Irene Kyriakopoulos, PhD, is Distinguished Professor of National Security Policy, Department of Economics, Industrial College of the Armed Forces, National Defense University. She teaches Economics of National Security Strategy, Economics of Industry, and Political Economy of the European Union. She has served as Chair, Department of Economics; Course Director, Economics of National Security Strategy; and Course Director, European Union - Europe Regional Security Studies Program. Past appointments include: Senior Fellow, Atlantic Council of the United States; Public Policy Scholar, Wilson Center; Research Associate, The Brookings Institution; and Associate Professor of Economics, The George Washington University.
Kyriakopoulos has lectured and written widely on the economic dimensions of international security and European economic integration. Her publications include “EMU Governance: a Post-Crisis Assessment” (forthcoming in World Economy); “After Expansion: Europe in Disunion?” (Mediterranean Quarterly, Winter 2004); "Economic Integration as a Model for Security Cooperation”, in Reiner K. Huber and Rudolf Avenhaus, editors, Models for Security Policy in the Post-Cold War Era (Nomos, 2000); and Trouble in Paradise? Europe in the 21st Century (with Steven P. Kramer; National Defense University Press, 1996).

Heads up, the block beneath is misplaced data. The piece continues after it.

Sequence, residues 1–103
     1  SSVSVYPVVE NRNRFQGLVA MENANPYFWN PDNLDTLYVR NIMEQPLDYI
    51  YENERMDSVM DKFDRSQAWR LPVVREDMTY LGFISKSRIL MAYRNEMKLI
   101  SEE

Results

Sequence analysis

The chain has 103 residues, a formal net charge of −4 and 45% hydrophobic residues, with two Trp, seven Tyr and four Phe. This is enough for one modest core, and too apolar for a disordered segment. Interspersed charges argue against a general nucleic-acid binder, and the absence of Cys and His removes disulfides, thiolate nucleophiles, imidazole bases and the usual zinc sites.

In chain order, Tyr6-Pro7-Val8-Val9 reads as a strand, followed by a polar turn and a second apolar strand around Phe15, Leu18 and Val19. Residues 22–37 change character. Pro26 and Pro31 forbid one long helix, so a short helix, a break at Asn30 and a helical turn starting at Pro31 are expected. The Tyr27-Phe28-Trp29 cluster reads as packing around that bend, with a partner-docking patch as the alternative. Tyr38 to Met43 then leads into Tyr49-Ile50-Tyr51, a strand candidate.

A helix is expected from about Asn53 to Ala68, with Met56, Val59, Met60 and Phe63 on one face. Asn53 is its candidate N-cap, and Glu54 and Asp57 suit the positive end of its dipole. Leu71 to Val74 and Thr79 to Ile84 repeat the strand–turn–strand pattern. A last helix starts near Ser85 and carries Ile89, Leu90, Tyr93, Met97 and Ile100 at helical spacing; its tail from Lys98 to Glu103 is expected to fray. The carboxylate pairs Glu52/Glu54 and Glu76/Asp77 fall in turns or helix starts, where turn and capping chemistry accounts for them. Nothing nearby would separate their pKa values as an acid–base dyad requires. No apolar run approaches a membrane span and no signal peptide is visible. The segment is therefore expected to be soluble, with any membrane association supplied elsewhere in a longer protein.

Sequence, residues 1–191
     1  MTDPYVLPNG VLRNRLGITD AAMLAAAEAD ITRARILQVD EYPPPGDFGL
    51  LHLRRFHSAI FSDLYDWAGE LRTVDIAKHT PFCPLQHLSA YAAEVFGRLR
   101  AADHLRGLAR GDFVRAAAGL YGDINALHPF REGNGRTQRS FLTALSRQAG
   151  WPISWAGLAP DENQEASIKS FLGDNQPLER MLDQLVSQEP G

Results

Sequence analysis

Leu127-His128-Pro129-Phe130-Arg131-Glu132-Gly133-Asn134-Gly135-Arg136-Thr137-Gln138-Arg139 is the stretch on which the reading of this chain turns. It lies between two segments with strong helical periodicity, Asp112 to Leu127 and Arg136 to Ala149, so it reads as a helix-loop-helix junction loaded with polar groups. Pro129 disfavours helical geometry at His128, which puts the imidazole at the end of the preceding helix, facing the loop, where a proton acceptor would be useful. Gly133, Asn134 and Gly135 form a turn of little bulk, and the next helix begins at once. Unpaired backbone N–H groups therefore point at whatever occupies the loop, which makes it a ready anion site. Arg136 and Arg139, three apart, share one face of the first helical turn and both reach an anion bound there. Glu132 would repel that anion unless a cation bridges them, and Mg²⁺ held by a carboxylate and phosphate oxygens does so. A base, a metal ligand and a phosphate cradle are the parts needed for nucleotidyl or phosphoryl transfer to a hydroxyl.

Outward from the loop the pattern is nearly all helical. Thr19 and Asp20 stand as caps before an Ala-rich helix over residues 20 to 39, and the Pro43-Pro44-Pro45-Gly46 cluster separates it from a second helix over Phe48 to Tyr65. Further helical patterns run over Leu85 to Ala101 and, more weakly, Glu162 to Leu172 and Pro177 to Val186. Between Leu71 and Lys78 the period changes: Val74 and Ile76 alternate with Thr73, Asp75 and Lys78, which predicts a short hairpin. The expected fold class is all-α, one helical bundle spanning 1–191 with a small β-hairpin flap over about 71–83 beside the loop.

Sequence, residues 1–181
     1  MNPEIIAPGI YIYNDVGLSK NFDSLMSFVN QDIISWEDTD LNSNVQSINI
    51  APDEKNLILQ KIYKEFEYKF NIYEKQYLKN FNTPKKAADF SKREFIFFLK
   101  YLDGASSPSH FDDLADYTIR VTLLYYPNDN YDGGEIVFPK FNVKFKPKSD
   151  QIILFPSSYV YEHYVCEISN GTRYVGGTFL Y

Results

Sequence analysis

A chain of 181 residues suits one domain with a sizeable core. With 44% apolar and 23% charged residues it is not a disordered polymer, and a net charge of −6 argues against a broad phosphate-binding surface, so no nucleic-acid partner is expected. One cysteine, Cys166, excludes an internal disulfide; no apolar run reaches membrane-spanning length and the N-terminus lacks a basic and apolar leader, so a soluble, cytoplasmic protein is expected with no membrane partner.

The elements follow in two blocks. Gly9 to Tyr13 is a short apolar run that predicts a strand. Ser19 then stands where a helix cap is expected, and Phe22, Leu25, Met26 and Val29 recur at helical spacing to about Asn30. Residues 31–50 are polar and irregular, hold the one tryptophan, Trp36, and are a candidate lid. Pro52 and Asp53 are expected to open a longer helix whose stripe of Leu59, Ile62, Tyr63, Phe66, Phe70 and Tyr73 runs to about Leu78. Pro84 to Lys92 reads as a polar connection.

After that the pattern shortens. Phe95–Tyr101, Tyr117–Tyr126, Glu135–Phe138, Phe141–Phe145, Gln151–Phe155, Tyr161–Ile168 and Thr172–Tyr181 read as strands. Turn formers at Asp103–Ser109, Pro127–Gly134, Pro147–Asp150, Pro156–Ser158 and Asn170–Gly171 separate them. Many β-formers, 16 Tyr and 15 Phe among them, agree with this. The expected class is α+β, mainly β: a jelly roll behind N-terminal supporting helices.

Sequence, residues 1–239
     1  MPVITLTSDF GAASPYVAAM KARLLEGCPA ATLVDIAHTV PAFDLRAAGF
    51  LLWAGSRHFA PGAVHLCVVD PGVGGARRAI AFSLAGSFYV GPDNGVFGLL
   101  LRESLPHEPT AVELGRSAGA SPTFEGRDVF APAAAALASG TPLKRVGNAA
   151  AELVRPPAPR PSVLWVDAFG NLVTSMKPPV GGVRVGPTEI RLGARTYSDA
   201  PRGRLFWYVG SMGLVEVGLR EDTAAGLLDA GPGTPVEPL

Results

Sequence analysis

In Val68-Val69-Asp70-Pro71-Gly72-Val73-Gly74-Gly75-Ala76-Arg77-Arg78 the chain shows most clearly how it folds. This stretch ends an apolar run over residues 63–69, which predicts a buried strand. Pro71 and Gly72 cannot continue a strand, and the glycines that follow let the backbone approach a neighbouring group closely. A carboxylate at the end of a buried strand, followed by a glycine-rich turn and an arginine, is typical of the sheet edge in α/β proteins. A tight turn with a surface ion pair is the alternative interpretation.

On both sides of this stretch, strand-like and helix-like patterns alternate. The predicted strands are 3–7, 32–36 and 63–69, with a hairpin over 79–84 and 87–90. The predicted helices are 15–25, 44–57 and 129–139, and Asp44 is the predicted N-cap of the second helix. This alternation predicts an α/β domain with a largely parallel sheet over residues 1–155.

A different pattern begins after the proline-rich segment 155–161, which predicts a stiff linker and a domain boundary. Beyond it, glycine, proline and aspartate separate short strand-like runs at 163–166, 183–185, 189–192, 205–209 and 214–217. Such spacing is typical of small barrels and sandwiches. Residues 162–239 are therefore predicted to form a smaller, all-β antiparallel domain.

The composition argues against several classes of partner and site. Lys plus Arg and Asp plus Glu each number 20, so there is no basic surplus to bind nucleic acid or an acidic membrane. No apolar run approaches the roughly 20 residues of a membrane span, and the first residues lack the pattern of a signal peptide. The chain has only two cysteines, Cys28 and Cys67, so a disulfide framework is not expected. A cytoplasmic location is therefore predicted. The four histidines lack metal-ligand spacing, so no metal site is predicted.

Her current research focuses on Europe’s debt crisis and its implications for economic integration. A native of Athens, Greece, Kyriakopoulos holds a Bachelor of Science degree in economics from the University of Maryland and M.A. and PhD degrees, also in economics, from The George Washington University.
The financial crisis that erupted in the United States in the fall of 2008 has morphed into a sovereign debt crisis, placing the future of the Eurozone and the euro in peril. “Europe’s Debt Crisis: Implications for Economic Integration” examines the consequences for European Union economic institutions.
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